Whistle-blower fails to appear at arms deal commission

Richard Young, a losing arms deal bidder and critic, was unable to appear at the arms procurement commission in Pretoria on Monday because he is recovering from an eye operation.

But the problems with Young’s testimony appear to go even further. No one at the commission, Young or the evidence leaders, were ready to lead his testimony on Monday.

Young’s company, CCII Systems, bid to provide the combat suites for the four corvette vessels which were purchased as part of the arms deal, in 1999. Young was then part of the legal challenge, headed by Terry Crawford-Browne, which sought to compel government to appoint a commission of inquiry into the arms deal.

Advocate Barry Skinner read two letters into the record, previously submitted to the commission, to explain why Young could not attend.

A second reason presented was the voluminous evidence Young intended to present to the commission, which he said would take at least three weeks to read into the record, excluding cross-examination. He said the three days set down for his testimony were too few.

Young’s lawyers suggested that three weeks be set down in October for the submission of this evidence, adding that Young wanted to testify at the commission. He is also under subpoena to do so.

Flights were confirmed
A visibly irritable Judge Willie Seriti said the commission had gone out of its way to accommodate Young. Advocate Fanyana Mdumbe, the commission’s head of legal services, said the commission had constantly maintained contact with Young. Seriti did not make a ruling on this issue on Monday, but said it would be sorted out at a later date.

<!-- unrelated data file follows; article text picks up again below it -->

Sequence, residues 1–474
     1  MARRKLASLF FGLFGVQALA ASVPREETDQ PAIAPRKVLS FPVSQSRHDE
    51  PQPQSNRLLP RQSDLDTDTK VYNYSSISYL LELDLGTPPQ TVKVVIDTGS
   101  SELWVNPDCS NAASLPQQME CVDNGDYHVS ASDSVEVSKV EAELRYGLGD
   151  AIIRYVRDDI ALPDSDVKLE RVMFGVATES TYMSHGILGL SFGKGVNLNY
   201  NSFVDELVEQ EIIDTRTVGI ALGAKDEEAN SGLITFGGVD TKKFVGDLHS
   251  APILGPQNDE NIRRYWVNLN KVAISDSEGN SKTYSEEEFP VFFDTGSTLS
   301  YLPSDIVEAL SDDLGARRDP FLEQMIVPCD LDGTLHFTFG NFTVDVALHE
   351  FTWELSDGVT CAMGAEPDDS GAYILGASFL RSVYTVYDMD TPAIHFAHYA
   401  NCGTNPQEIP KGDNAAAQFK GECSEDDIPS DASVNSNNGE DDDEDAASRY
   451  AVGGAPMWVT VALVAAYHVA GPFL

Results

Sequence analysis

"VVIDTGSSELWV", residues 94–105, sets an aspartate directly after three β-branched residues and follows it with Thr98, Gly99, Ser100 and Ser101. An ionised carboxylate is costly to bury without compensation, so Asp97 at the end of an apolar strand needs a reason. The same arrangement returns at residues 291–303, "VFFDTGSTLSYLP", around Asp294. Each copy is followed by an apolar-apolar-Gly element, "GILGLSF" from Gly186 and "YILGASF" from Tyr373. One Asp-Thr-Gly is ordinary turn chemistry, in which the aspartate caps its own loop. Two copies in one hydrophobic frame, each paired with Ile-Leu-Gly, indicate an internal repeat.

The Mail & Guardian understands that Young’s flights and hotel accommodation were confirmed on Sunday, adding to the confusion about why he did not attend the commission in person.

It is also understood that Young’s witness statement, which is apparently over three years old, was still being redrafted on Sunday by the evidence leaders.

Young’s lawyers also said he was still waiting for a document from the department of defence, which he had requested a year ago. Advocate Jennifer Cane, for the DoD, said Young needed to be specific about which document this was.

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Sarah Evans
Sarah Evans

Sarah Evans interned at the Diamond Fields Advertiser in Kimberley for three years before completing an internship at the Mail & Guardian Centre for Investigative Journalism (amaBhungane). She went on to work as a Mail & Guardian news reporter with areas of interest including crime, law, governance and the nexus between business and politics. 

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